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000aleppo(Photo Newsweek)

This year, 2016, has been a tough one for a lot of folks. The headlines have been, well, often highly unpleasant to put it mildly. We’ve had war, terrorism, an isolationist referendum in the UK and a controversial election in the United States both fueled by ultra-nationalist (often racist) sentiment, a president-elect who thinks nothing of tweeting haphazardly about nuclear weapons, millions of people afraid of losing health coverage or jobs, and of course: dead famous people.

It’s somewhat disturbing that as I look at my social media feeds, the only one of those things that people really seem to be all that upset about is the dead famous people. One of the news sites that I often read had a headline the other day that trumpeted “It’s not just you, more celebrities really have died in 2016.”


Now I don’t wish to downplay the death of any human being, but I kind of think that refugees taking their lives into their own hands to escape war torn areas probably don’t really care all that much that Prince died. No, really, they don’t. I know that’s hard for us to fathom as we sit in our climate controlled homes, browsing the latest smartphone, with an endless supply of David Bowie music streaming from Spotify, but it’s true. I believe that when history finally gets a look back at 2016 it will be memorable, but the dead famous people will barely be a footnote. I pray that the rest of us learn to see past that into the lives of millions of people who struggle and often die everyday without a single peep from a newscast or a single tweet popping up about them.

Fifty years ago, in 1966, Simon and Garfunkel recorded a song called “7 O’Clock News/Silent Night.” As the folk duo sang the sweet melody of “Silent Night” in the background, a newscaster read recent headlines. Among them were:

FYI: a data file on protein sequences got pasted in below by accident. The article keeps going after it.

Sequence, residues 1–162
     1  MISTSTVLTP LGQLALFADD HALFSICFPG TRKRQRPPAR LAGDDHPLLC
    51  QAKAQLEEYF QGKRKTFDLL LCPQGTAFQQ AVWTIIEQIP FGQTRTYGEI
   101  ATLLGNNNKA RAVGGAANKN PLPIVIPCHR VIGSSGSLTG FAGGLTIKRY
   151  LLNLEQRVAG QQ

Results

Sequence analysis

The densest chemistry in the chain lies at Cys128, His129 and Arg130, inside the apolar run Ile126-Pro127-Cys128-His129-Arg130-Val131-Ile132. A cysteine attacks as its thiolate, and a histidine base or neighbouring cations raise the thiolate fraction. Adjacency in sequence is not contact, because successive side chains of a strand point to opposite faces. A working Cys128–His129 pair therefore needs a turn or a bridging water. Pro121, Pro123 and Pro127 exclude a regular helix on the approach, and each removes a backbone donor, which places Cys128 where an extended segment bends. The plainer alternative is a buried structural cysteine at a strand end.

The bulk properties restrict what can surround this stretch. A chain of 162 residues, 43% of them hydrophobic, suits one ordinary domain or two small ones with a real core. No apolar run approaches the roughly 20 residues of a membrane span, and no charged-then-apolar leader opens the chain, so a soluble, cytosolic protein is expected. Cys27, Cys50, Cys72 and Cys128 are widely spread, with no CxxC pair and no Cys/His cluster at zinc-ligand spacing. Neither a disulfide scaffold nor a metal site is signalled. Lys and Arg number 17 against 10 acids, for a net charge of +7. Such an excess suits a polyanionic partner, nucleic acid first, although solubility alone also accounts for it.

The fight over housing discrimination in the Civil Rights Act
The death of comedian Lenny Bruce from a drug overdose
Police and National Guard troops being called to a protest by Rev. Martin Luther King Jr.
A serial killer in Chicago
The House “Un-american Activities Committee” investigating anti Vietnam protests
Richard Nixon promising at least 5 more years of the Vietnam war.

If this song were to be redone with today’s headlines, what headlines might be in there?

The slaughter of innocent people, including children, in Aleppo?
Future congressional hearings into Russia’s influence into the election?
Refugees drowning while attempting to cross the Mediterranean Sea?
The new president promising to build more nuclear bombs?
A new wave of white supremacists and their destruction of lives and property?
Young black men being killed by police officers and the unrest that follows?

Yeah, any of those and more.

I don’t want to be a downer here before Christmas, but many of us will spend time seriously reflecting on 2016 over the next week or so, and I think we need to remember more than just the famous folk who have passed. I believe that it’s important, as we look back on 2016, to reflect and then decide what kind of world we want to have in 2017 and then work to make it so. Lord willing, things will be better for a lot of people, but we’ll see.

Here’s the original song by Simon and Garfunkel. Take a listen. It’s haunting.